Mature or amateur filmmakers can submit independent films, shorts, documentaries or series to the film festival which takes place for the entirety of the cruise. The submissions are also subject to awards.


On board the ship, vacationers will find 15 decks, ten pools and whirlpools as well as numerous bars, clubs and lounges. Prospective steampunks can also look forward to rock wall climbing, basketball, ice-skating, mini-golf, the spa and parades.

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Obviously shopping and overeating is included.

Packing up all that steampunk gear and clothing is bound to cause a luggage nightmare that I cannot even fathom. If I went I’d probably wear the same gadgets with barely passable attire after the fourth day. Oh well.

The Adventurer’s Life for Me


Jeff Vandermeer and S.J. Chambers’s “The Steampunk Bible” presents four steampunk archetypes: the street urchin, the tinker, the explorer, and the aesthete.

The street urchin is a survivor, a beggar or a pick-pocket.


Think filth and stains, beaten-up or torn attire that has a lower class feel. Mixing and matching of vests, breeches, tights and boots are encouraged. As for hair, dreadlocks are good.

The tinker is the scientist and the creator. Belts or pockets are necessary to tote around tools. Clothing should be refined and neat: leather boots, pressed white tuxedo shirts with dark vests or buttoned jackets.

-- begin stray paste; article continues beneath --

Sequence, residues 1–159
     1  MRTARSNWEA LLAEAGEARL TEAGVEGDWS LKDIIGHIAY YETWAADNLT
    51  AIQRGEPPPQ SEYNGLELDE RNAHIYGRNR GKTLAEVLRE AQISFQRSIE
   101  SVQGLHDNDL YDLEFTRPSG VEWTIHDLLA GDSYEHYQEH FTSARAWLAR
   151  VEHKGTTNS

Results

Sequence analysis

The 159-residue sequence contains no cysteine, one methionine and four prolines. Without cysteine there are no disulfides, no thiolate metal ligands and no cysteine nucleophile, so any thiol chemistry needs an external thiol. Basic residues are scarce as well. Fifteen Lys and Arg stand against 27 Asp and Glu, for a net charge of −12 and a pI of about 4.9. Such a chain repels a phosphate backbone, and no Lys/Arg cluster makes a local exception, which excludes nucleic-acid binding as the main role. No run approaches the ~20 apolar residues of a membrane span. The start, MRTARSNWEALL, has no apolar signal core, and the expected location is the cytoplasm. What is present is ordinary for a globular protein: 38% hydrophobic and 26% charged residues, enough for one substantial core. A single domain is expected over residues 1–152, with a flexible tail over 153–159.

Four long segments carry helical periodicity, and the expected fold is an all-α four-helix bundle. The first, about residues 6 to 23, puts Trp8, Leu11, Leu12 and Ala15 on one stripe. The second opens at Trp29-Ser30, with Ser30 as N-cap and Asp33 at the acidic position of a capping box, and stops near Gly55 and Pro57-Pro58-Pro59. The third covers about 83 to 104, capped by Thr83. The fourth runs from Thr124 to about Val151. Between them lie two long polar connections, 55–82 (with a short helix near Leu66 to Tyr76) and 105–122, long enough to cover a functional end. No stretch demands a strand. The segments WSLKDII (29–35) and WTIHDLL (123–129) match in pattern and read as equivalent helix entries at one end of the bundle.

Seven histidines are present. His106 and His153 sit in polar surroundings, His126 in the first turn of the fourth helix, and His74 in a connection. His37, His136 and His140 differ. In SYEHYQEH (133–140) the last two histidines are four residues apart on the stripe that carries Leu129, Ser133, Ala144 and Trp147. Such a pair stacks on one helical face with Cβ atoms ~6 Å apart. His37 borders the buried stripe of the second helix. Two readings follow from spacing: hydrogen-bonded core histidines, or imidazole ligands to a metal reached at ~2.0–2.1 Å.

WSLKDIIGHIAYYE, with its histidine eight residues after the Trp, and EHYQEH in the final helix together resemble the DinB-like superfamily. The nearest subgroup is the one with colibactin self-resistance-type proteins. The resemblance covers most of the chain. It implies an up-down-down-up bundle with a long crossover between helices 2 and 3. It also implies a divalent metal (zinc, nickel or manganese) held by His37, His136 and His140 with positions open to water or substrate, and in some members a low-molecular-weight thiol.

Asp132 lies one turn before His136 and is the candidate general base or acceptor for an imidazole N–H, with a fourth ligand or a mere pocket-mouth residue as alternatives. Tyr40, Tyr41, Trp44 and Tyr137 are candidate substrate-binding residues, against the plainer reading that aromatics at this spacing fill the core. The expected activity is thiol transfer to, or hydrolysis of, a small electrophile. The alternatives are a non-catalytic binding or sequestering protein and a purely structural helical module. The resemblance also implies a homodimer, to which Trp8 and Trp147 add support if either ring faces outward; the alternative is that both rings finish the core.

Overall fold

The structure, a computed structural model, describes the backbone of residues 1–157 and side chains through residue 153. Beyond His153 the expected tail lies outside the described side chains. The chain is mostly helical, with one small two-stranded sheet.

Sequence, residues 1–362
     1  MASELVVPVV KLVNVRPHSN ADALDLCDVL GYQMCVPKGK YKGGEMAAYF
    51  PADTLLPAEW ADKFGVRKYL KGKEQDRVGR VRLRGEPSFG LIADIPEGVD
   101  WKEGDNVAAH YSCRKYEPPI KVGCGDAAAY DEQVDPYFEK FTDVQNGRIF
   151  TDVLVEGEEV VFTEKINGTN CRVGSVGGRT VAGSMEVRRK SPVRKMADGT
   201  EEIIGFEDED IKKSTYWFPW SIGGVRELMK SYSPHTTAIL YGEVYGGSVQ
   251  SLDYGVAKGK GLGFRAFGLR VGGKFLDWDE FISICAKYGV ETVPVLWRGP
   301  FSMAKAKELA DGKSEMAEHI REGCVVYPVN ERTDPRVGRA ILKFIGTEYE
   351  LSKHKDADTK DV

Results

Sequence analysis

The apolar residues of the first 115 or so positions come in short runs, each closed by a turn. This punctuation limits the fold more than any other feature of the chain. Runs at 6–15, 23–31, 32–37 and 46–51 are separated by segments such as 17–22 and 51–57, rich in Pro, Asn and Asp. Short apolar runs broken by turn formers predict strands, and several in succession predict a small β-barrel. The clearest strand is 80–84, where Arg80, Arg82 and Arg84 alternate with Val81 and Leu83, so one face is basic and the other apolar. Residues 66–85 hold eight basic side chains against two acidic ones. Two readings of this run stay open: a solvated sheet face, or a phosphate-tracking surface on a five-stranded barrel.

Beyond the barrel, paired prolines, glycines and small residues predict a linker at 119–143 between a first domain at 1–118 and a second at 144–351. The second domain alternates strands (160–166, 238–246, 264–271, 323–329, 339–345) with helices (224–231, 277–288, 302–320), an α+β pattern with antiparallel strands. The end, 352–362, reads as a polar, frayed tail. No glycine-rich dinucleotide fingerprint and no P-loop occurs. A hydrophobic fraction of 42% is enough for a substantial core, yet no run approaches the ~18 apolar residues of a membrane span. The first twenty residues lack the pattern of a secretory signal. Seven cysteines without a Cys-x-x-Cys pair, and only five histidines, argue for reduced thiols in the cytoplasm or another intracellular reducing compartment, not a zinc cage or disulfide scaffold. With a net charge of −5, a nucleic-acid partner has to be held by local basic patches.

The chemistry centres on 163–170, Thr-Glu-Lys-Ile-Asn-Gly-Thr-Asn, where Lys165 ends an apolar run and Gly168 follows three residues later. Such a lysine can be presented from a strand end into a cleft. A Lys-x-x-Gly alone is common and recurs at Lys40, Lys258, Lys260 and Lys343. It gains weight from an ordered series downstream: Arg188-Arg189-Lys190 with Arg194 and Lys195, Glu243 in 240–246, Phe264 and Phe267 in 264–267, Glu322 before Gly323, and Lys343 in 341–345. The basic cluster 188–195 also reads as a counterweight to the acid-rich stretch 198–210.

Ah, the explorer! This character is daring and ready for adventure. Military influence comes into play as well as the aviator look. Corsets, vests, pith helmets and billowing sleeves are all advisable.


Finally, the aesthete comes in waving around his cigar and brandy. This archetype has a bohemian twist. These are the artists, plotters, musicians and vagabonds.

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The clothing is polished for an upper class appeal. Canes, corsets, spats with boots, tuxedoes and aristocrat garments are recommended. Lace gloves, topper hats, bouffant up-dos for the ladies and waxed mustaches for the gents.

These are all mere suggestions. Steampunk thrives on the make-it-your-own attitude with clothing choices and props.

Balogun has a blog page that covers numerous steampunk archetypes. Take the Myers-Briggs personality test and then refer back to Balogun’s blog page to see which steampunk character you are.